The Capital Asset Pricing Model (CAPM) is a tool that investors can use to calculate the rate of return of different investments. This model describes the linear relationship between the systematic risk of an investment and the required rate of return of the investment.

It can be used with different investment appraisal techniques when evaluating investments.

The Capital Asset Pricing Model is widely used by investors for investment appraisal purposes. This is because this model is easy to understand and use. The data required to calculate the rate of return using this tool can easily be obtained from the market.

The results obtained from the tool are also accurate and reliable. These are the factors that make this model the first choice for many investors, analysts, and experts.

The Capital Asset Pricing Model allows investors to calculate the risk premium of a stock which allows investors to determine the value of return they get for the risk they are taking with the investment.

Furthermore, it allows investors to consider the systematic risk involved in investment using the beta coefficient.

This makes it a superior tool over other investment appraisal tools such as the Weighted Average Cost of Capital or the Dividend Discount Model as they do not consider the risks involved in an investment.

The Capital Asset Pricing Model makes some assumptions when calculating the rate of return of an investment.

It assumes that the investor holds a diversified portfolio of stocks, therefore, eliminating any unsystematic risk involved. This only leaves the systematic risks of an investment for investors to deal with.

Another assumption that this model makes is the assumption of a perfect market where all information is readily available to the investors. Based on the perfect market assumption, the Capital Asset Pricing Model also makes many other assumptions.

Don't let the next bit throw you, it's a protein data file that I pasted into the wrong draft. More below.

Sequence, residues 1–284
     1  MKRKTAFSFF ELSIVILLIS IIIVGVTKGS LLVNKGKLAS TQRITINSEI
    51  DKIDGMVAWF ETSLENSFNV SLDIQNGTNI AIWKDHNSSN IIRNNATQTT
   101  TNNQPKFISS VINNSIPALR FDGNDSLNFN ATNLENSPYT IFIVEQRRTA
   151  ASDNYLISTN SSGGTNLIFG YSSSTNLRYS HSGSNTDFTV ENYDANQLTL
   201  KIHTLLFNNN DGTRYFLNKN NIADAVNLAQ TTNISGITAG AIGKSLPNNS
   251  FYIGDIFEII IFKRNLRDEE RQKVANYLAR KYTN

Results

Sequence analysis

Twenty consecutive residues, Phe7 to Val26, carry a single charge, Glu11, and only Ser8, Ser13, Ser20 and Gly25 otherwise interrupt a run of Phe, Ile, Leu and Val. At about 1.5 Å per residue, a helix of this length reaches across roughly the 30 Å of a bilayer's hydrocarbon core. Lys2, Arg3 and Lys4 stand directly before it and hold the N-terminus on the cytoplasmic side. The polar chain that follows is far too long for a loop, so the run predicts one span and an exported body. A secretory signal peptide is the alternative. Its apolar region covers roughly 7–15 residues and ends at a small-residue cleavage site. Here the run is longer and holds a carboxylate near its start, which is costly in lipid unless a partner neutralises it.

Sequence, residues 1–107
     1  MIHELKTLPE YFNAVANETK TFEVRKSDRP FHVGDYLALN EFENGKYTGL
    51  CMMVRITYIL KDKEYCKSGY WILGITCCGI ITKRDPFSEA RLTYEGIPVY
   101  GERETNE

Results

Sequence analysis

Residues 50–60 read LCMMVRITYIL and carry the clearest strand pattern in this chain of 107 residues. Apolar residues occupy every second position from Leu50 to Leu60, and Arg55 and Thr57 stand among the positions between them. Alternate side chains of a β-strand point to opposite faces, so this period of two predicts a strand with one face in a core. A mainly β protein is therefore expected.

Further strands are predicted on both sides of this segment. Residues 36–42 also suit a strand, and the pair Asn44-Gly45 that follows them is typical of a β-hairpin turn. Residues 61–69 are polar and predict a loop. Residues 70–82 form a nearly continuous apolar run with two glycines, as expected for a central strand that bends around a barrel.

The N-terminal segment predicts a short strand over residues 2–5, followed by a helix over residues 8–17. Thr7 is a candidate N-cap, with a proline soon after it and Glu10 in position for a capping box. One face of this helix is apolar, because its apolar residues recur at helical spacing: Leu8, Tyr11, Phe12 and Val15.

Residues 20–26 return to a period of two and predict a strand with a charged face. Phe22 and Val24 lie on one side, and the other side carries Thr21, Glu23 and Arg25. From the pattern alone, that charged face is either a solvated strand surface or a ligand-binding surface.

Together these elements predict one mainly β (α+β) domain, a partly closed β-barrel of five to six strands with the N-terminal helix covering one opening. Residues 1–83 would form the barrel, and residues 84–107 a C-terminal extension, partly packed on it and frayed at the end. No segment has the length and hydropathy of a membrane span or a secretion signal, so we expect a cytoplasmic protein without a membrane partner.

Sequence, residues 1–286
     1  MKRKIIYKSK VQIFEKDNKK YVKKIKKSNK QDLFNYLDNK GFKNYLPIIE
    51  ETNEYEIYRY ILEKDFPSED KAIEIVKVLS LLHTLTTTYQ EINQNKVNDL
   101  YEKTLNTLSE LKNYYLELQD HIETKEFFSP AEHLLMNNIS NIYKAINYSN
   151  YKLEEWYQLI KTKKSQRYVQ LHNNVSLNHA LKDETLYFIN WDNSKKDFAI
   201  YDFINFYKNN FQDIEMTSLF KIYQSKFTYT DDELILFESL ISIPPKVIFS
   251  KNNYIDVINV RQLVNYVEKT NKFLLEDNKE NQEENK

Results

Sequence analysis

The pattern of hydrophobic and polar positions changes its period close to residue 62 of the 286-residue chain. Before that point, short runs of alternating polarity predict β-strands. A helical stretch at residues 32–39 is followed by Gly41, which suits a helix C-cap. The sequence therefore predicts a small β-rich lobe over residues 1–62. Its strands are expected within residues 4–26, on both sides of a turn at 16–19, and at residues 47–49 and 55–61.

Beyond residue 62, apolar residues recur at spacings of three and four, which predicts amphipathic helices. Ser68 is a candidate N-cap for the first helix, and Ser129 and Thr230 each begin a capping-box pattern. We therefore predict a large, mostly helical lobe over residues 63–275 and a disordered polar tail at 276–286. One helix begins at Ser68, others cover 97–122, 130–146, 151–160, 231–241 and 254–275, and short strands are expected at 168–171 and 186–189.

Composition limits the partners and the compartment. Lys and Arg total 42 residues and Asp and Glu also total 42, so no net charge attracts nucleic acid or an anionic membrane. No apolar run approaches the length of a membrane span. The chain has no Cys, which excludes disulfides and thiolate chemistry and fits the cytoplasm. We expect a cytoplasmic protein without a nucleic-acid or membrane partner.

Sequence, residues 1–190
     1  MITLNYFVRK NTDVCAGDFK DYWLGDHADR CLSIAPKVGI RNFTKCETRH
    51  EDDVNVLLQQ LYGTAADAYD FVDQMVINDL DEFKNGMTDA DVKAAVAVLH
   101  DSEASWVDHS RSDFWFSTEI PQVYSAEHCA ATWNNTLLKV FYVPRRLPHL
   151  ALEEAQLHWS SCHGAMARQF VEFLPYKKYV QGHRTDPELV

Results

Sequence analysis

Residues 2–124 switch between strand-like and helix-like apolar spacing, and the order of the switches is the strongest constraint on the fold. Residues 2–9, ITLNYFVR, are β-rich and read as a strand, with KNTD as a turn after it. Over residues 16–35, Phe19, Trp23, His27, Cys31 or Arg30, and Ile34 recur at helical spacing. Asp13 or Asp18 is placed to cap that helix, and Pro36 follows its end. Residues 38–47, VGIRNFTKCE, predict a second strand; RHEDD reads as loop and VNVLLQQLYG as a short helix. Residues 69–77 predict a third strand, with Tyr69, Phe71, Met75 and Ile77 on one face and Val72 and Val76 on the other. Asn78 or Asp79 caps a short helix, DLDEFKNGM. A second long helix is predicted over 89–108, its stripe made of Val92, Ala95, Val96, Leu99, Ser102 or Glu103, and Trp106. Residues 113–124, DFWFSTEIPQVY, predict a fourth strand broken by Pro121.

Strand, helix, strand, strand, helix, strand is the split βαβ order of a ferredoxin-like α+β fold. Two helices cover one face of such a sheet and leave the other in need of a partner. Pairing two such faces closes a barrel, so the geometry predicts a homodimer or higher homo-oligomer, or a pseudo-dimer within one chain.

These assumptions include the availability of borrowing and lending to investors at risk-free rate without limitations, single period requirement assumption, no transaction fees existing for the investment, etc.

## Calculating the Expected Rate of Return Using CAPM

The expected rate of return of an investment can be calculated using CAPM by calculating the sum of the risk-free rate of return and the risk premium of an investment. The above statement can be written in the form of a formula as:

Expected rate of return = Risk-free rate of return + Risk premium

A risk-free rate of return is the rate of return for a risk-free investment. This is a theoretical rate of return and is usually taken as the rate of return of short-term government treasury bills. While government treasury bills are not truly risk-free, the risks involved are minimal.

Risk premium is the excess amount of return over the risk-free rate of return. This represents the return on risk involved for an investment. The risk premium can be calculated using the formula:

Risk premium = Beta coefficient x (Expected average return on the market – Risk-free rate of return)

The beta coefficient is a measure of the systematic risk of an investment. The beta coefficient is lower than 1 for investments with a lower risk, above 1 for investments with higher risk, and equal to 1 for investments with the same risk as to the market.

Thus, substituting the value of the risk premium in the formula of the Capital Asset Pricing Model, the formula becomes:

Expected rate of return = Risk-free rate of return + [Beta coefficient x (Expected average return on the market – Risk-free rate of return)]